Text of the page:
Sarah: Just like we develop our muscles by using them gradually, building up greater and greater strength, I think we learn to love by loving. We start by loving those who are around us and in our environment: our family, our friends, our coworkers. Maybe we can’t think of loving people like our neighbors, friends, and coworkers in the same way that we might love our family, but we can love them in the sense of creating more correct human relationships with them. Love is never worked up from below and that gives us an insight into the fact that we don’t have to struggle as a personality to love people. It comes from above, from the soul. It’s a divine energy, so it’s useless to try to struggle to love people. We should instead think of it as an energy that wants to run through us if we would simply get out of the way of it, remembering that it’s a power we have to make room for in our lives, rather than thinking of struggling really hard to love somebody. 

Dale: Yes, we have to practice love. There is a little prayer that we use every day and it’s called the Noontime Recollection and it goes like this: “I know, O Lord of Life and Love, about the need. Touch my heart anew with love, that I too may love and give.” So, by using this prayer it’s a way of drawing in and practicing love, actually. If you think about the words and visualize that love coming into your heart and distributing that love to others, then that’s essentially how you learn to love—by doing it. 

Sarah: Another thought to keep in mind is that love doesn’t necessarily mean that you have a nice attitude towards someone. You might think that you would of course have to have a decent attitude towards someone, but not necessarily. What I’m getting at is something that Mother Teresa said some years ago that really stuck in my mind. She said, “I’ve travelled all over the world, North and South, East and West. I’ve met all different kinds of people and what I have found is that they are all in need of love.” Well, if you think about that, she didn’t say that they were all lovable or that they all appealed to her and touched her heart. What she said was, she found that they were all in need of love, and if you use that insight, you can approach just about anyone, no matter how different or strange or even repellent they might be at first thought. If you see them as someone in need of love, you find an inlet into understanding them, which I think is a very interesting exercise, especially for those of us who suffer from some degree of shyness. Shyness is always a kind of self-reference that keeps you locked within yourself. If you think of others as people who need love, you might find a way to approach them without so much guarding of oneself.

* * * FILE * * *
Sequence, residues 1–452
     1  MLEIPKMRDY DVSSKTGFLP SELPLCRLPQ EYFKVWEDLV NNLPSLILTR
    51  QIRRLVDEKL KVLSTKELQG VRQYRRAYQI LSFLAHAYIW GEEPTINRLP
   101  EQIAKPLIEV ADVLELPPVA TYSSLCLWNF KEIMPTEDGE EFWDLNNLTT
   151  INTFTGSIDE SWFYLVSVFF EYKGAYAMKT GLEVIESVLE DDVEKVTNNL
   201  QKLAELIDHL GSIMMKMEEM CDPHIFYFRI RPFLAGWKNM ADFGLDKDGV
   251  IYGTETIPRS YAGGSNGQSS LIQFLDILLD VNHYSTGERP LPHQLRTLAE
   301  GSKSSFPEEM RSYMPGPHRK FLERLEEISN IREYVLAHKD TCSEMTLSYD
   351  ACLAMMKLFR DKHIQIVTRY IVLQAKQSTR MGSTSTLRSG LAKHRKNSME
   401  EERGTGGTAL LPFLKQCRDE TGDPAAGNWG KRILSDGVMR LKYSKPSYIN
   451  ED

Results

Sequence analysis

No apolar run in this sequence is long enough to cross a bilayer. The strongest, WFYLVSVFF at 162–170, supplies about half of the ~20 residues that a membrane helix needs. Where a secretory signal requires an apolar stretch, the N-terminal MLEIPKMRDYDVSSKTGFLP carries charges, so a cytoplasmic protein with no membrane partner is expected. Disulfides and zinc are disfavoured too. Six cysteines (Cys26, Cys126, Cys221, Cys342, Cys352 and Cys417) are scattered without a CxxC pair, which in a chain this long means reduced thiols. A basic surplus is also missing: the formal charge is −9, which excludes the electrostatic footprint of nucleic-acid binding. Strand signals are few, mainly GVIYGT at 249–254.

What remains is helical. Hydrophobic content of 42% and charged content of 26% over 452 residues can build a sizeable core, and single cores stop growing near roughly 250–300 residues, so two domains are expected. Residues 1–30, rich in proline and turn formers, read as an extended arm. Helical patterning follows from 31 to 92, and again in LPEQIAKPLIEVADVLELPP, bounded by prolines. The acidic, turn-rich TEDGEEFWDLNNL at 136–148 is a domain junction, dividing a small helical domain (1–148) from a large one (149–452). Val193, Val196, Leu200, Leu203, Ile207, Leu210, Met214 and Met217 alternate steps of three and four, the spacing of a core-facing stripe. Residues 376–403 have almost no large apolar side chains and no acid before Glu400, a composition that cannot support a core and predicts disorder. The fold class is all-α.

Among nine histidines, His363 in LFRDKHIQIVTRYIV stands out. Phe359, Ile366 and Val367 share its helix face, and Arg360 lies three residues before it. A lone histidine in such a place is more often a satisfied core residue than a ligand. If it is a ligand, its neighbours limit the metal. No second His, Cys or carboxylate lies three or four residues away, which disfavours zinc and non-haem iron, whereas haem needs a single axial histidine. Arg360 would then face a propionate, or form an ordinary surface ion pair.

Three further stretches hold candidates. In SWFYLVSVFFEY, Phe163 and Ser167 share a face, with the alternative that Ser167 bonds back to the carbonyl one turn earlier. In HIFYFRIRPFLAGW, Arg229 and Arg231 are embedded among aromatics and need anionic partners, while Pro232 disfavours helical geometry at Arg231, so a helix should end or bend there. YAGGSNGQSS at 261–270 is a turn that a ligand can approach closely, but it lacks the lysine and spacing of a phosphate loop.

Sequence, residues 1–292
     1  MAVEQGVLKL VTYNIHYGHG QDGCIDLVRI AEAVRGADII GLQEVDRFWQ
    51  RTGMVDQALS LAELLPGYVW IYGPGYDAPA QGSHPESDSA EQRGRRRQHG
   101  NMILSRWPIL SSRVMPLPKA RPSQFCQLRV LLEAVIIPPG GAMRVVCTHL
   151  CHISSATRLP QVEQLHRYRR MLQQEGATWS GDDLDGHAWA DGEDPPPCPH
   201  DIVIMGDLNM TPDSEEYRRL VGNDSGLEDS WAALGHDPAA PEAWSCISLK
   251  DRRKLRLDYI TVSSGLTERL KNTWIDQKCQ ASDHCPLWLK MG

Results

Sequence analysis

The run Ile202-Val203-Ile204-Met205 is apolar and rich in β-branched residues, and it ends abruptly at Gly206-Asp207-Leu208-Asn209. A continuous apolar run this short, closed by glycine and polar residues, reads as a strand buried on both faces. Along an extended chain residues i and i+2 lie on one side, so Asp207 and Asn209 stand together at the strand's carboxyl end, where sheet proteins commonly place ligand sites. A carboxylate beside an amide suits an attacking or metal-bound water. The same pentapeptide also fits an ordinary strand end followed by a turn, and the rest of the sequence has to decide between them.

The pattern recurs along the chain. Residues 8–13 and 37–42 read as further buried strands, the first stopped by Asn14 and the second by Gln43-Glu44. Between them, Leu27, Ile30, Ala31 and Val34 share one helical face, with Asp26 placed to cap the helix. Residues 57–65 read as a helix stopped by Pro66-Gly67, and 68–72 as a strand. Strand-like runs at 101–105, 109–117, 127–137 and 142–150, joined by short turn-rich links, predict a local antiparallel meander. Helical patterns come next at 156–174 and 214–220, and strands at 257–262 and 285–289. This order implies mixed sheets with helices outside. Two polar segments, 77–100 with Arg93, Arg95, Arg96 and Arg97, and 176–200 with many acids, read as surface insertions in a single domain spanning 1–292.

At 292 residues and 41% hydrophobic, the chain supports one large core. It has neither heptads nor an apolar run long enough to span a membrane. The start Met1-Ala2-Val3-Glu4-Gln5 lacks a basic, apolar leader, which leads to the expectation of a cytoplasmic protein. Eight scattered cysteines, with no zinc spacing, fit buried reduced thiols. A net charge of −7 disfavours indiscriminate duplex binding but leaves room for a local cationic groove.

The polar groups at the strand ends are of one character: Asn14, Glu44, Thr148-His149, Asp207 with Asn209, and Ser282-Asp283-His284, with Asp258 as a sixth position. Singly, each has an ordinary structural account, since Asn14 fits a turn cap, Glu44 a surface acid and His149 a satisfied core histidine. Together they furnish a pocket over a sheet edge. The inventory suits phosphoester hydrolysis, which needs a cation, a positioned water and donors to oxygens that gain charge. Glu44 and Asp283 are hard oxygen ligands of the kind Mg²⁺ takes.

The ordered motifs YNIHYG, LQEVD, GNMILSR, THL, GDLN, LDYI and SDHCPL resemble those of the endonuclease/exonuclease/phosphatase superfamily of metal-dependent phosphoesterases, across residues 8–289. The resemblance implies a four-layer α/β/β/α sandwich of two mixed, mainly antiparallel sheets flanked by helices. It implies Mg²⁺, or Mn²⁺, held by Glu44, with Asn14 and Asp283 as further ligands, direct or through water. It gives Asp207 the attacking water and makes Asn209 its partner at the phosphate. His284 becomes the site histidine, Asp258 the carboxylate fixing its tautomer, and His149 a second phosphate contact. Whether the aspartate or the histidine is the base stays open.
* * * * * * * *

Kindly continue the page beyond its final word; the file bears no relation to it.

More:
Dale: Of course, that was the whole purpose of why Christ came into the world when he did, because the world needed love and it’s no less today than it was 2000 years ago, and that’s why these great teachers, these great Avatars like Christ and Buddha have come into the world because this is the energy and the quality that we need to build into our lives and into our consciousness, this quality of love, divine love in particular. 

Robert: Dale, you’re absolutely right. Christ and Buddha were really the greatest teachers that ever lived. Something that amuses me, people think of Will Rogers as being a Pollyanna because he said, “I never met a man I didn’t like,” but that’s taken out of context. If one reads the full context of what Will Rogers meant, he explained that when we sit down with a person, feel their pain, understand the road of life that they’ve travelled on which has made them the type of person they’ve become and we can empathize with them, then it’s hard not to like them. So, that’s really the complete context of what Will Rogers said. He wasn’t really a Pollyanna. What does the state of the world show us about the abundance or lack of love?